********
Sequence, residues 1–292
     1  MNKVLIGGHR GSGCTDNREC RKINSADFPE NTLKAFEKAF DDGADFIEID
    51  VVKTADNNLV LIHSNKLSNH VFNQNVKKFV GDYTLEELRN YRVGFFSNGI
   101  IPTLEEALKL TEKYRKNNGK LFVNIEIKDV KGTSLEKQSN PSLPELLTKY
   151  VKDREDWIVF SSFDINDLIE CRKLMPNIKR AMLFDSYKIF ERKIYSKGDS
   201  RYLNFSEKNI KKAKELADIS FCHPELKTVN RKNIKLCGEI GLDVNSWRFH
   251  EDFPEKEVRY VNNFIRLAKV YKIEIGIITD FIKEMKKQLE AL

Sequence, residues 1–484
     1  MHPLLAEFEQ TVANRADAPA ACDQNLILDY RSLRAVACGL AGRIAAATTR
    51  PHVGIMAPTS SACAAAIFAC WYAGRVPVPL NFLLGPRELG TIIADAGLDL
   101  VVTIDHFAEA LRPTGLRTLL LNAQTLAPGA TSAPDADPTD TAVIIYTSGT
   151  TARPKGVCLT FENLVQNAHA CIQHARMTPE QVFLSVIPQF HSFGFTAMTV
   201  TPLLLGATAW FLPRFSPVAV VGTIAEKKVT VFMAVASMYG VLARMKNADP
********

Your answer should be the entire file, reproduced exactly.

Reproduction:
Sequence, residues 1–292
     1  MNKVLIGGHR GSGCTDNREC RKINSADFPE NTLKAFEKAF DDGADFIEID
    51  VVKTADNNLV LIHSNKLSNH VFNQNVKKFV GDYTLEELRN YRVGFFSNGI
   101  IPTLEEALKL TEKYRKNNGK LFVNIEIKDV KGTSLEKQSN PSLPELLTKY
   151  VKDREDWIVF SSFDINDLIE CRKLMPNIKR AMLFDSYKIF ERKIYSKGDS
   201  RYLNFSEKNI KKAKELADIS FCHPELKTVN RKNIKLCGEI GLDVNSWRFH
   251  EDFPEKEVRY VNNFIRLAKV YKIEIGIITD FIKEMKKQLE AL

Sequence, residues 1–484
     1  MHPLLAEFEQ TVANRADAPA ACDQNLILDY RSLRAVACGL AGRIAAATTR
    51  PHVGIMAPTS SACAAAIFAC WYAGRVPVPL NFLLGPRELG TIIADAGLDL
   101  VVTIDHFAEA LRPTGLRTLL LNAQTLAPGA TSAPDADPTD TAVIIYTSGT
   151  TARPKGVCLT FENLVQNAHA CIQHARMTPE QVFLSVIPQF HSFGFTAMTV
   201  TPLLLGATAW FLPRFSPVAV VGTIAEKKVT VFMAVASMYG VLARMKNADP